BACKGROUND: The recent NIH mandate to consider sex as a biological variable in preclinical research has focused attention on delineation of sex differences in behavior. To investigate mechanisms underlying sex differences in Δ9-tetrahydrocannabinol (THC) effects, we examined the effects of sex and gonadal hormones on CB1 receptors in cerebellum, hippocampus, prefrontal cortex, and striatum.
METHODS: Adult Sprague-Dawley rats underwent gonadectomy (GDX) or sham-GDX. Half of the GDX females and males received estradiol or testosterone replacement (GDX+H), respectively. All rats were injected with vehicle or 30 mg/kg THC twice daily for 1 week before brain collection. CP55,940-stimulated [35S]GTPγS and [3H]SR141716A saturation binding assays were performed.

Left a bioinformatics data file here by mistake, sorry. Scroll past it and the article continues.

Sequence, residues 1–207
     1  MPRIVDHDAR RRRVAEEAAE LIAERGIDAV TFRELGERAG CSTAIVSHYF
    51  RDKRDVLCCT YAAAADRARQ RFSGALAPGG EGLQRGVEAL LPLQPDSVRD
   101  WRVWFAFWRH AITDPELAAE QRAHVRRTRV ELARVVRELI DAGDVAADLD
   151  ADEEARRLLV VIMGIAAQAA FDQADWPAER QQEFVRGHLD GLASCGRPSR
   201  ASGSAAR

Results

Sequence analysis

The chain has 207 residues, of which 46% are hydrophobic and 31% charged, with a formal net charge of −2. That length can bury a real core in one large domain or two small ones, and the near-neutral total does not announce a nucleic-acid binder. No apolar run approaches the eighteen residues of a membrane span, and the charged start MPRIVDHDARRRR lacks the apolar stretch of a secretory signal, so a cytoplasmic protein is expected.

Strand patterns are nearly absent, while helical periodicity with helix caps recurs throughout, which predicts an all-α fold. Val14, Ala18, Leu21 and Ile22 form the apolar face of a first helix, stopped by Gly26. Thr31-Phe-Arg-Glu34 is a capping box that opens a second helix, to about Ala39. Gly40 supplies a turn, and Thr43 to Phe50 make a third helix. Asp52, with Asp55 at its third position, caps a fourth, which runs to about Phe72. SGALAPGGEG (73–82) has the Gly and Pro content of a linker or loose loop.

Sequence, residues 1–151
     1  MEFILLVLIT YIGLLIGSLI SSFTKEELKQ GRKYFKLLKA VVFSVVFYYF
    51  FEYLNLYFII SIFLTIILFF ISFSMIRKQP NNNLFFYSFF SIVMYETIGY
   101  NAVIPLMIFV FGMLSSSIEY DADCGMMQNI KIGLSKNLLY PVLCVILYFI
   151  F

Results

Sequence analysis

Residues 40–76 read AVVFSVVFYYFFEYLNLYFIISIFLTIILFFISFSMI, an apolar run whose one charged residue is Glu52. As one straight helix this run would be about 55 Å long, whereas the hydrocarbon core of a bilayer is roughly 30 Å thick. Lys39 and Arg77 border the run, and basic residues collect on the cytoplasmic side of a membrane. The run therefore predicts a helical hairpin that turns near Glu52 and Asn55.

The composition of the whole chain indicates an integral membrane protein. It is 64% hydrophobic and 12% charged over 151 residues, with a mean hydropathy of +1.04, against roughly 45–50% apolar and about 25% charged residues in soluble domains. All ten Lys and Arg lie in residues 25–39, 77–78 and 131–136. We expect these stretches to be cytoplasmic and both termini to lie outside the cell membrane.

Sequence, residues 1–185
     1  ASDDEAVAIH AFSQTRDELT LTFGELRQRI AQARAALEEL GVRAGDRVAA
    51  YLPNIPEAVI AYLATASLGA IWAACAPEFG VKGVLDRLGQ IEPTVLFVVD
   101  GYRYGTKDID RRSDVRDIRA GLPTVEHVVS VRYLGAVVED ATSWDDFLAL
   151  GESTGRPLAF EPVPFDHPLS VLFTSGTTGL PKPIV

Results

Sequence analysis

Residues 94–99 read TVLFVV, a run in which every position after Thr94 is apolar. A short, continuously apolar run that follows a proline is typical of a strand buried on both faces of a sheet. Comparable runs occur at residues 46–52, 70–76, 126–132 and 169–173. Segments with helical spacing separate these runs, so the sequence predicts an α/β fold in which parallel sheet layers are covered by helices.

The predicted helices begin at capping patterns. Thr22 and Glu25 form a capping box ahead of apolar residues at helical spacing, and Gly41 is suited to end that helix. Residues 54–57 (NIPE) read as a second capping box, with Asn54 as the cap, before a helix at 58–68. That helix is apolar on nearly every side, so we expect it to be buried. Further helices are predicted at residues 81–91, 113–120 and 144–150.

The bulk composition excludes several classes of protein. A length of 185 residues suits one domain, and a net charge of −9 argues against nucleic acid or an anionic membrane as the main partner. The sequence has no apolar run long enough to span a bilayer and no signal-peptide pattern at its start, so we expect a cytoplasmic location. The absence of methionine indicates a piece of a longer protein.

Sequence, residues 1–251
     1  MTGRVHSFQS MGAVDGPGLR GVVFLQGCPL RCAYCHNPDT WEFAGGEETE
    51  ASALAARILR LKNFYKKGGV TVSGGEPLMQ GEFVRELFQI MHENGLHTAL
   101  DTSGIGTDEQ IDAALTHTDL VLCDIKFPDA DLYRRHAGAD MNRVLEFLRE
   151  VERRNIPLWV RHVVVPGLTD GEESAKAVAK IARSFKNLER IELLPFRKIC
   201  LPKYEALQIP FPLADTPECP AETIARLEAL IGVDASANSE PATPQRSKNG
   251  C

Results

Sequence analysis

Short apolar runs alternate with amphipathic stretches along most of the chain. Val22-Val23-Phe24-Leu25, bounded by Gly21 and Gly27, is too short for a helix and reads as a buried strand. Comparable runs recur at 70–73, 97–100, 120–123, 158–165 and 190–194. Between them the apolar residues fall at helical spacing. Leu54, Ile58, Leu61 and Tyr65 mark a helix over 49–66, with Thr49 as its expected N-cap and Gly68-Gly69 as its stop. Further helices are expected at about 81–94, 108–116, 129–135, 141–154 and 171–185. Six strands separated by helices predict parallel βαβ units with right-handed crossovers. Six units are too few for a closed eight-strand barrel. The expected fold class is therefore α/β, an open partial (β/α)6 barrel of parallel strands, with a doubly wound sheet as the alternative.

RESULTS: With exception of enhanced receptor activation in the hippocampi of female rats compared to males, vehicle-treated rats exhibited minimal sex differences in CB1 receptor densities or G-protein coupling. Repeated treatment with THC resulted in pronounced CB1 receptor desensitization and downregulation in both sexes in all brain regions with a greater magnitude of change in females.
CONCLUSIONS: These results suggest that sex differences in the density and G-protein coupling of brain CB1 receptors may play a limited role in sex differences in acute THC effects not mediated by the hippocampus. In contrast, sex differences after repeated THC were common, with females (intact, GDX, and GDX+H) showing greater downregulation or desensitization in all four brain regions compared to the respective male groups. This result is consistent with a finding that women tend to progress to tolerance and dependence quicker than men after initiation of cannabis use.